Funny how nowadays people are impressed with a handmade costume, but back in the day, we all wanted something store bought.

Halloween Costumes Today
As the years went by I found myself navigating toward ‘standard girl costumes’ like sexy cat, belly dancer, sexy devil, Elvira etc., until the year I dressed up like a zombie. The freedom of not worrying how my makeup and hair looked (it was supposed to be a mess) and the ability to eat candy as an adult and not worry about fitting into my tight costume was awesome. Plus once I realized I’d truly embraced the joy of dressing up for the fun of it, and was a scary creature myself, I lost more of my fear of what goes bump in the night.

I still dress up every year but it’s usually to hand out candy—except for the pieces I keep for myself.

Evil Speaks Softly
They were never supposed to meet. Fame came easy for Liv by following in the footsteps of the female writers in her family. The cycle repeated for decades…until Liv changed the story. Her villain doesn’t like the revision—and he isn’t a fictional character. In his story, the bad guy always wins.

They were never supposed to find love. Liv never questioned her demanding nocturnal muse, or the strange incidents in her old, family home until she met Gage. His job was to watch her from afar, not reveal the truth about the curse and the stories of the dead.

They’ve broken all the rules. Together they unravel secrets as they strive to stop the cycle. Liv’s ability to find love, and protect her loved ones, hangs on the fickle whims of the dead—and they’ve got nothing to lose.

Buy Links

Thursday, October 26, 2017


Min Edwards is the pen name of archaeologist, former bookstore owner, and proprietor of A Thirsty Mind Book Design, Pam Headrick. She writes from the office in her 200 year-old farmhouse on the shores of Cobscook Bay, an arm of the Bay of Fundy. And her village, Lubec, Maine is the most eastern town in the U.S., the site of Quoddy Head State Park and the West Quoddy Head Lighthouse where people gather from all over the world on January 1 to great the first sunrise on the coast of America. Learn more about Min and her books at her website.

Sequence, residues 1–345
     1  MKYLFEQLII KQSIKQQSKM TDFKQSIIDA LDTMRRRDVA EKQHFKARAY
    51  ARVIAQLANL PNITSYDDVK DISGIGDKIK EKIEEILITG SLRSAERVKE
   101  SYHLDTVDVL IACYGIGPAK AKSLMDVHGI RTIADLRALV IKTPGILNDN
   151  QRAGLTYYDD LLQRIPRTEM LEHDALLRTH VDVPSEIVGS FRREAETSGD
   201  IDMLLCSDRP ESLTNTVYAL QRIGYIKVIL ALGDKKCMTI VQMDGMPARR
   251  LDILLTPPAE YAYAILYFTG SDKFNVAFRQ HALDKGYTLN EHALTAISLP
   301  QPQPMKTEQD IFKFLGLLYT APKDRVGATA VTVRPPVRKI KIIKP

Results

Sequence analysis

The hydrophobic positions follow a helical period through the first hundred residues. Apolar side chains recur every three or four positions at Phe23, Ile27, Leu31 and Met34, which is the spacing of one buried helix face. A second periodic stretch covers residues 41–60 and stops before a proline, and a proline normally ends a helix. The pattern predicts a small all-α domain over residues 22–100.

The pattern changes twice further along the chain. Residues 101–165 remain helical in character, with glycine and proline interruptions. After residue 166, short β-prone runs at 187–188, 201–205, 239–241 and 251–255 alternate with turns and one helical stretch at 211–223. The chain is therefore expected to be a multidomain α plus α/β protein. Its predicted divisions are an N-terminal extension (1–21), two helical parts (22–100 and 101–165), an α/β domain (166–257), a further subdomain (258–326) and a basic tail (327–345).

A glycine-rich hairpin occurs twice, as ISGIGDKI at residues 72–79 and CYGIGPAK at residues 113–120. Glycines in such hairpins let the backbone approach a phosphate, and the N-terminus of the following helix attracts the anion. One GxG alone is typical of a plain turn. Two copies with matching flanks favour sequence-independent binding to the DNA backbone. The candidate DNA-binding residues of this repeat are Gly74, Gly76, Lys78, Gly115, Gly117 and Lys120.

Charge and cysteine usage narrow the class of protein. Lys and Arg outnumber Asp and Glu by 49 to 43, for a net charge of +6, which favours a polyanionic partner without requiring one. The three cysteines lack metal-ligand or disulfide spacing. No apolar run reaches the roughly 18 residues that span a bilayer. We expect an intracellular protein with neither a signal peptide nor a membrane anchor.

As we move into the holiday season, I think we’re all thinking of our families, our past... recalling our choices and why we made them. At least that’s what I’m doing again this year.

I had a lovely life in a community just outside of Austin, Texas for thirty years. I lived near my retired parents. My brother visited often. My son loved his school. But of course, we all grew older and things happened. But in 2011 I thought I needed a change. My parents were gone, my brother was married... my son was out of college and looking for other opportunities. So I sold my perfect Texas house, said goodbye to my friends of many years, tried to talk my housekeeper into coming with me (she gently refused) and headed north to Maine in a 29-foot U-Haul with all my stuff, most of which is still in boxes, six years later.

It took my son and me five days of travel... it was summer... hot as heck... and the roads were so crowded. But we made it unscathed.

Several years later I wrote my first novel, Stone Bay... about a Texas girl who blew up her life, sold everything, bought a house sight unseen from Realtor.com and left for the wilds of upper coast Maine.

I guess this novel was a catharsis for me. I got to illustrate all my fears and question my choices since leaving Texas, laying them all on the shoulders of my heroine Amanda.

Since the day I stood in front of the house I’d owned for decades but hadn’t seen since the early 90s (it had been an investment only... affordable waterfront), the choices of the last years have bothered me.

For one thing, village living, no matter where you live, is difficult. The native folk probably have roots going back generations; they’re a close-knit group who, although they’re kind to strangers (or those from ‘away’ as the residents of my village say) they don’t consider you one of them. You often speak differently, look differently, are politically different (and this is a hard one to deal with especially in these times). You find yourself seeking out others ‘from away’ instead of trying to blend in with the native population.